Speaking of important metrics, pull data from Google Search Console to see how things have changed since adding Schema to the page. That might include:

  • Organic traffic
  • Rankings
  • Click-through rate

In most cases, you’ll find that adding Schema markup to a page improves its SEO performance. You’re giving search engines extra information to present on the SERP itself, making yourself more prominent.

Plus, showcasing qualifying factors like pricing and stock availability means only the most qualified people visit your page. You don’t get an influx of traffic who head back to the SERP after clicking your result and finding it wasn’t the best option for them.

Not only should your most important SEO metrics be higher across the board, but conversion rates might see a boost after adding Schema, too.

Which Schema markup generator is best?

We’ve already mentioned that some Schema generators are great for individual structured data types. But if you’re looking for a single tool to handle all of the pages you’re generating structured data for, you can use a generic Schema markup generator.

It’s difficult to compare Schema generators and say which is best, as they tend to do different jobs. Below are a handful of generators we’ve used and would recommend.

1. Google Structured Data Markup Helper

Google’s Structured Data Testing Tool is a superb option if you’re new to Schema markup. It’s simple and easy to use; enter your URL and select the type of Schema you want to add to the page.

Google will pull the page and show it inside the tool. The highlighter function lets you select certain areas of the page for each tag without having to scrape or type it manually. That could be the article’s author, the date it was published, or the featured image.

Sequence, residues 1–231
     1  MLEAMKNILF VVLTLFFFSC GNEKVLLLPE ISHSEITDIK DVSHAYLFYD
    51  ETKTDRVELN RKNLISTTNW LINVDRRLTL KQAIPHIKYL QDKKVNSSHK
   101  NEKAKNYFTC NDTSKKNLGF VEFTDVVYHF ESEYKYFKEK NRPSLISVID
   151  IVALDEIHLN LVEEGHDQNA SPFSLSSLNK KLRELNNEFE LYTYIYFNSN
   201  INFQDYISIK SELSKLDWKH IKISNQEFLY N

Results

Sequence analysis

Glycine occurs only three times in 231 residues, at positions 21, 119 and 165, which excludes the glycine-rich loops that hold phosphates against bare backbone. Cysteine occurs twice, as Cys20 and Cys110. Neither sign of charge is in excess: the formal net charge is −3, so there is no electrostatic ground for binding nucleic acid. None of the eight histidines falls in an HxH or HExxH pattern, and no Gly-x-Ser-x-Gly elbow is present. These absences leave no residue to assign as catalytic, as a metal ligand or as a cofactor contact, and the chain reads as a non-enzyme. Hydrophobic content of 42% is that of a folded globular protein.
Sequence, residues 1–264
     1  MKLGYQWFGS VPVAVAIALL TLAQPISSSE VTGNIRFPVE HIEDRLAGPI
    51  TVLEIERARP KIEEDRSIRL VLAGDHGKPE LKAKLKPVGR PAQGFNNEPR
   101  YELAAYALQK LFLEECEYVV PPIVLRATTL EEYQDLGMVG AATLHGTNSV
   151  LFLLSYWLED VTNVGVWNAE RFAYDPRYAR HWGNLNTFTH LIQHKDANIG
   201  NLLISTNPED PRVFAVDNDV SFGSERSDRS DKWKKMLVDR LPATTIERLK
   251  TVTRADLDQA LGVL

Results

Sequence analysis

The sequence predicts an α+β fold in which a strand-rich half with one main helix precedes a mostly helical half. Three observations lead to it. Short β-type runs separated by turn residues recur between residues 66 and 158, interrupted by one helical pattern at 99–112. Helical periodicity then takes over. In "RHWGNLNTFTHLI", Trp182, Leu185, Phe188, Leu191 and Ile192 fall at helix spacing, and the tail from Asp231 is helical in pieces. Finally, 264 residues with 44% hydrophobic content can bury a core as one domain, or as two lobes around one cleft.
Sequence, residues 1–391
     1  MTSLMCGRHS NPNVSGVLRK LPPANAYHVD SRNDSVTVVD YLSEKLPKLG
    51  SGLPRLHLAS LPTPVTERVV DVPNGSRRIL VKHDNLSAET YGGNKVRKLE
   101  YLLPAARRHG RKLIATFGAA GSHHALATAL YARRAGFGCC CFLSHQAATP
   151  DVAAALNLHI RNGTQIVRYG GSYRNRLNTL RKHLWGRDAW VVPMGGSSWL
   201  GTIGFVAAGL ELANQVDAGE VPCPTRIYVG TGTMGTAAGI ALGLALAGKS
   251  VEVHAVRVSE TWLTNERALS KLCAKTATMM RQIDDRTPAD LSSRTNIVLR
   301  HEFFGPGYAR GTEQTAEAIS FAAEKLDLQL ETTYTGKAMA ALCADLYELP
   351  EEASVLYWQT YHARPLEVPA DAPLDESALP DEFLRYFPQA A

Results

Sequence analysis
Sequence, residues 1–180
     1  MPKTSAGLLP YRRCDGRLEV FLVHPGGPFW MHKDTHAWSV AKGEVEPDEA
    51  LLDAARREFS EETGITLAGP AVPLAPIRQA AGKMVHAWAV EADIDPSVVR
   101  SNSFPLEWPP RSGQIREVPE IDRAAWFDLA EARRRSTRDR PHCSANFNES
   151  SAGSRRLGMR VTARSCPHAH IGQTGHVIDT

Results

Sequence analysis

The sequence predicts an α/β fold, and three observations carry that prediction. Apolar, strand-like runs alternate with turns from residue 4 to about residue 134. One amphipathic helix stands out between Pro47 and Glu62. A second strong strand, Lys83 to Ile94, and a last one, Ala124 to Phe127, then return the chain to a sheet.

Google's structured data markup helper screenshot

Again, like the other Schema generators we’ve mentioned already, you can only create code for one URL at a time. But it’s a free and easy way for beginners to get started with Schema.

2. Merkle’s Schema Markup Generator

Merkle's tool is a well established, firm favorite which covers most of the popular Schema types. It's got a straight forward interface with a handy testing button which lets you send your markup straight to either Google's Rich Results Test Tool, or their Structured Data Testing Tool.

To use this generator, choose the type of Schema you want to add. Type your data in all the required fields:

Merkle's FAQ schema generator screenshot

Confused? Inside the Schema generator itself, you’ll see links for guidance on each Schema type. And, it’s free to use.

3. Schema App Editor

Here’s another Schema markup generator that’s marketed at people without much technical SEO experience.

It acts as a markup generator, implementation tool, and validator all in one. Their integration features automatically send the code to your website, so you don’t have to add the code manually. Their validation feature also checks for any issues before you add the Schema to your webpage.

Schema App Editor screenshot

The downside is the price. Schema’s App Editor is only available with their Pro package, which starts from $30/month.

4. Joe Hall’s JSON-LD Schema Generator

This Schema generator only has a limited selection of Schema types for you to use. It also only gives JSON-LD code, not microdata.

That being said, we’ve included it here because it’s extremely easy to use. Simply click the Schema type you’re creating, and add your data into the required fields. It’ll generate HTML code for you to add to your page:

This generator is free, making it a superb tool for whenever you’re adding basic Schema markup to your website.

Roll out Schema markup on another page

There’s no doubt that adding structured data to a webpage is an easy way to capture a searcher’s attention in the SERPs.

Now you know how to add structured data to a page, you can repeat this process across more pages on your website—bearing in mind that you might need to use different Schema generators for each structured data type.

You may however, want to investigate solutions which automate structured data implementation across your site. Have a look at this post on how to approach site-wide implementation of structured data.

And don't forget to keep validating and testing your structured data markup. Grab a free 14 day Sitebulb licence and audit Schema across your whole website. It’s a simple way to prevent any structured data issues from wreaking havoc with your SEO performance as you embed more Schema.

Elise Dopson

Elise Dopson is a specialist B2B SaaS and Marketing writer with a focus on data-driven content. You'll see her work on the likes of HubSpot, ConversionXL and the Content Marketing Institute.